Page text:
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Reeves, Madeleine Frances

Grant Type
Int'l Collaborative Research Grant
Insitutional Affiliation
Manchester, U. of
Active Grant
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Project Title
Reeves, Dr. Madeleine, U. of Manchester, Manchester, UK; and Aitpaeva, Dr.Gulnara, Aigine Cultural Research Centre, Bishkek, Kyrgyzstan - To aid collaborative research on 'Conviviality And Contention In Southern Kyrgyzstan: An Infrastructural Approach'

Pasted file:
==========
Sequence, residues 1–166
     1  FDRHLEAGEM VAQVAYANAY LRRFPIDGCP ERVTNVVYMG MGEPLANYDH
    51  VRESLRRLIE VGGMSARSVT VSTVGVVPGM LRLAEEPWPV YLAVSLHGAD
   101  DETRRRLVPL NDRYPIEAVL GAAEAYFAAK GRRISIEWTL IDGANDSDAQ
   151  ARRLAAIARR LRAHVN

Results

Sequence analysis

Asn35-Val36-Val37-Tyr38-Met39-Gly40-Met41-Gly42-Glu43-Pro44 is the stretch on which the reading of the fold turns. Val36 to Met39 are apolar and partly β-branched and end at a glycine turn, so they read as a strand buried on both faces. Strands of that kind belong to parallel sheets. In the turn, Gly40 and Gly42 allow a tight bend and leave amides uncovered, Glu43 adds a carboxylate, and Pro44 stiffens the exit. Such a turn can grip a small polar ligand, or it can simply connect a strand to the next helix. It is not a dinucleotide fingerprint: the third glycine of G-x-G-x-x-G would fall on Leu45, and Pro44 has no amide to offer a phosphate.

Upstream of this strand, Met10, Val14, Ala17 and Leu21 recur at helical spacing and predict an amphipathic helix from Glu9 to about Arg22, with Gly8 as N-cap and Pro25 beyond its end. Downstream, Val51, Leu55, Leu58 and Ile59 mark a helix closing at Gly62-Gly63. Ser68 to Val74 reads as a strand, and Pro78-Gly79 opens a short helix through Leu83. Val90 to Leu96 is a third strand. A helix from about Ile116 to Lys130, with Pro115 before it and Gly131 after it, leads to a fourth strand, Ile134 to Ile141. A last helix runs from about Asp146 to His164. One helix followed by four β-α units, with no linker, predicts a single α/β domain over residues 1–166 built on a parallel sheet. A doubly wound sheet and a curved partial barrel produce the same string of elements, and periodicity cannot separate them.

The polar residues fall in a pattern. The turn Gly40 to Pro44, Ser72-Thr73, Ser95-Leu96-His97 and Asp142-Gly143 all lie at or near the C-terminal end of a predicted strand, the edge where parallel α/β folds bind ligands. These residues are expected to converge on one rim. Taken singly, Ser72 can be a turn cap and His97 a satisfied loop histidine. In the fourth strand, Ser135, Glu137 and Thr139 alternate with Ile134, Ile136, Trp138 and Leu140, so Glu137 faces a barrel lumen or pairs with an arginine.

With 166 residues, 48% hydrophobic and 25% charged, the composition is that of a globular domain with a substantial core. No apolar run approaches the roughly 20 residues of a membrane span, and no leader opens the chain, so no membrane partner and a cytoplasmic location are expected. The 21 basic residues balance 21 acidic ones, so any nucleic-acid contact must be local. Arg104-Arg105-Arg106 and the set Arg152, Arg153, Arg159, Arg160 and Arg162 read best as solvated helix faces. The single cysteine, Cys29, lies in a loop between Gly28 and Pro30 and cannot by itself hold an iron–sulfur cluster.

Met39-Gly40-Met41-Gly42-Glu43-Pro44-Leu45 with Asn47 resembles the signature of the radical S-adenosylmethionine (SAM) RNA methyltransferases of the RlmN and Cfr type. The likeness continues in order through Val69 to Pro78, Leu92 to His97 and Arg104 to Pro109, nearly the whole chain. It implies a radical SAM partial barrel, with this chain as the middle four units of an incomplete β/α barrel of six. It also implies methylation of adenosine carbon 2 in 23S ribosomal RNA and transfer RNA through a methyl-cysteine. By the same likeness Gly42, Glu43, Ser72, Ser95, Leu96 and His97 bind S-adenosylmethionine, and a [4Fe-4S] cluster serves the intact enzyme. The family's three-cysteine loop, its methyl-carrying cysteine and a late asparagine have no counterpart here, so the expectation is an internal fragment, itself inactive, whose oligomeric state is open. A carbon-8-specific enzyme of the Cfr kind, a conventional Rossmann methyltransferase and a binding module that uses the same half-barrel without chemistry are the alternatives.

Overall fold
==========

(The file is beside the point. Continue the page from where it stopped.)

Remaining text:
Preliminary abstract: This project contributes to a critical interdisciplinary scholarship on the politics of conflict prediction and 'preventive development' in rural Central Asia through a collaborative ethnography of the infrastructures and material practices facilitating yntymak (inter-communal conviviality) and chatak (contention) in Batken, southwest Kyrgyzstan. Batken oblast', the irrigation-dependent southern fringe of Central Asia's Ferghana valley, where Kyrgyzstan, Uzbekistan and Tajikistan meet, often figures in popular and policy accounts in determinist terms: as a region unusually liable to conflict, marked by an excess of ethnic and geopolitical complexity. The current project aims to shed light on the habitual dynamics through which local disputes are regulated, channeled or diffused in this region by adopting an infrastructural perspective. Rather than taking the ethnic community as our ethnographic starting point, we rather pose as an empirical question how and under which conditions certain kinds of public come to be habitually reproduced and others come to be 'blocked'. We do so by focusng on particular critical infrastructures that connect borderland villages and kinds of public space that these serve to materailize. Drawing on ethnographic research and infrastructural mapping in two pairs of geographically contiguous villages, we look at the social relations that coalesce around water channels and pipes, roads and public transport; markets, medical clinics and sacred sites (mazarlar). We suggest that doing so can provide an alternative geography of social relations and social contention from that which dominates in existing academic and policy studies. In so doing we seek to invigorate a debate about the stakes and dynamics of interethnic conflict in Central Asia, one that has tended to be polarized by disagreement over whether 'resources' or 'identities' should be considered analytically primary.